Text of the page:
This whole process was the result of the tireless efforts of The College of Podiatry team which has been working behind the scenes to plan the campaign, develop the materials and keep the infographics, blogs and Twitter feed running. The whole process started at the last Delegates’ Assembly where members asked for more forward planning around our awareness month, and at last year’s AGM in June incoming Director of External Affairs Liz North committed to revamping and improving the campaign. Those of you who attended the College of Podiatry conference in Liverpool last November will have seen the first draft of materials and helped feed into the final designs and packs. Save the dates went out nice and early to media outlets to ensure column inches would be saved, resulting in a wave of stories on foot health across a vast range of publications. Phone interviews and outreach took place with a whole host of journalists throughout June - and all of this took place in parallel with the campaign for the proposed name change of the Society to the College of Podiatry at the AGM. 

I am delighted to say that I was in the room at the Royal College of Nursing last Saturday when our outgoing chair Debbie Delves read out the results that saw 85.6% of the voters ask to change our name. As someone who is deeply involved with promoting our profession to the public and other professions as well as lobbying to policy makers and governments, I know how much of a difference this will make to our public identity. We are small but we are awesome and we need the lung power to shout it from the rooftops! This marks a big step in that process. I feel it rather fitting that the last day of such a successful Foot Health Month marked this change. 

We have gone through a tremendous period of change in my two years on Council, especially in the last nine months and Debbie has guided us through it all. No offence to you Debbie but I was thrilled that you were the last ever Chairman of The Society of Chiropodists and Podiatrists! June 30th saw us take our first steps into the new era and George Dunn is at the rudder ready to help steer us towards the horizon. He has an amazing crew to help him in the form of the Executive Team, but the jewel in the crown is you. Our members are our biggest asset. You are fantastic. An everyday superhero. You do everything from keeping your regulars pain-free and active to saving limbs. You should be wearing a cape and have your underpants on top of your scrub suit for all to see. Since that might be slightly inappropriate clinical attire you can show off your super powers in other ways. Those of you who participated in Foot Health Month this year produced some amazing results. I’m told that our hashtag appeared on people’s twitter feeds more than one million times. You helped do this. It might have only been a hash tag, a retweet or a share that took you two seconds but together we make a big difference.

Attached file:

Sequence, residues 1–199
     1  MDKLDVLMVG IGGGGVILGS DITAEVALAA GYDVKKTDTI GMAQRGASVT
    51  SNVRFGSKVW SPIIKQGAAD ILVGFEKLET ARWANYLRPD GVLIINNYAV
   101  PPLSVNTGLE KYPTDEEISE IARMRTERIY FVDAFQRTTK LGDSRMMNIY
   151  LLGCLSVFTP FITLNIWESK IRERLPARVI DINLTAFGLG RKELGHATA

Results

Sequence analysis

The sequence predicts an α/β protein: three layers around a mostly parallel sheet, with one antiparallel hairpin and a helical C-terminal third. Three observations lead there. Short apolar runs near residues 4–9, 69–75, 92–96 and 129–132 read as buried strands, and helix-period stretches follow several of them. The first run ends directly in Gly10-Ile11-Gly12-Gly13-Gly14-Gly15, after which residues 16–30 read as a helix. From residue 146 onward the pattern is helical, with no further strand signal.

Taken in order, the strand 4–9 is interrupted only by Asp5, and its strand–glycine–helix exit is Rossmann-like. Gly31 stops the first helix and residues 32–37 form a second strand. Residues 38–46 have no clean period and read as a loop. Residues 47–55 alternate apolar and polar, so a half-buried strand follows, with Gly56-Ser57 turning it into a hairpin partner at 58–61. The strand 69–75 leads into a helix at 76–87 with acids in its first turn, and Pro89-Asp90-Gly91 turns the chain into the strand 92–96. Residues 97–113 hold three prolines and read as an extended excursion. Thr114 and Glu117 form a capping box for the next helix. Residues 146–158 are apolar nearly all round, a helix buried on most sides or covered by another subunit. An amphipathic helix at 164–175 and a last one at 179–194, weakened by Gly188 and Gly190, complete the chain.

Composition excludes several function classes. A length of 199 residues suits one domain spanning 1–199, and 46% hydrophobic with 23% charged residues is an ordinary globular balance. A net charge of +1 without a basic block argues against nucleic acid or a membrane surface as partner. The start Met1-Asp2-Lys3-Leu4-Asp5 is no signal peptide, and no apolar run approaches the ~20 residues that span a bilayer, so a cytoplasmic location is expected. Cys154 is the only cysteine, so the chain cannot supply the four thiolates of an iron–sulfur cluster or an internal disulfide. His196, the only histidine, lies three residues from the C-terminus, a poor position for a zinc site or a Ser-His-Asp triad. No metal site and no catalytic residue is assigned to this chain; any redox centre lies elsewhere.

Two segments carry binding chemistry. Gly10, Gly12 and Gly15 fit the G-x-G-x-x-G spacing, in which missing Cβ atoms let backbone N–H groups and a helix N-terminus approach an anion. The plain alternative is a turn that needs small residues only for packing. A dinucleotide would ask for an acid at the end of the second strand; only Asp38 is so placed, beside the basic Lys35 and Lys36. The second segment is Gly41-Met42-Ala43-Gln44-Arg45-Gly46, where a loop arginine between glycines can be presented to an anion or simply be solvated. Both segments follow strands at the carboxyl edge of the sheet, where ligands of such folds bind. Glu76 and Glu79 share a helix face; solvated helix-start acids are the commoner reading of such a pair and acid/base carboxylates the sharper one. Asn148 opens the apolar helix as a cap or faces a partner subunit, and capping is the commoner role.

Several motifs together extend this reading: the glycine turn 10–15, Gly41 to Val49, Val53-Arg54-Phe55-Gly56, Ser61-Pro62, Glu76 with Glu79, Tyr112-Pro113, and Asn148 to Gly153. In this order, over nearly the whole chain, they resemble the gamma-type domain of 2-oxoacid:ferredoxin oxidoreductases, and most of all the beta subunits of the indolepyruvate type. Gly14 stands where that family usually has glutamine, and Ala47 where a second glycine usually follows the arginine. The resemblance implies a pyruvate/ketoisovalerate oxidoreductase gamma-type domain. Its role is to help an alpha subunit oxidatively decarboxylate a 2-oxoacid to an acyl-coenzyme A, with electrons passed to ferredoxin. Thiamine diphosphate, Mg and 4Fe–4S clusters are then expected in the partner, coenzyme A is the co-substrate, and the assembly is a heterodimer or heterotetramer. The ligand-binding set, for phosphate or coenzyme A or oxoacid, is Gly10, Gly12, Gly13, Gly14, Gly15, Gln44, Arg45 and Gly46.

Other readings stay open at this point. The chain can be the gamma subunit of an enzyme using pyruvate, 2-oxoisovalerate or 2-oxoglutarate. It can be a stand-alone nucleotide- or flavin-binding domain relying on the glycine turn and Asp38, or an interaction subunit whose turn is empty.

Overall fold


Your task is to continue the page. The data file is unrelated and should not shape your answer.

So since you’ve now finished your cuppa and your break has been taken up reading my blog, I shall bid you a final thank you for all your help in the past month in getting the word out and urge you to keep aiming higher, keep tweeting, keep educating your patients, family and friends. Individually we are great, but together we are awesome!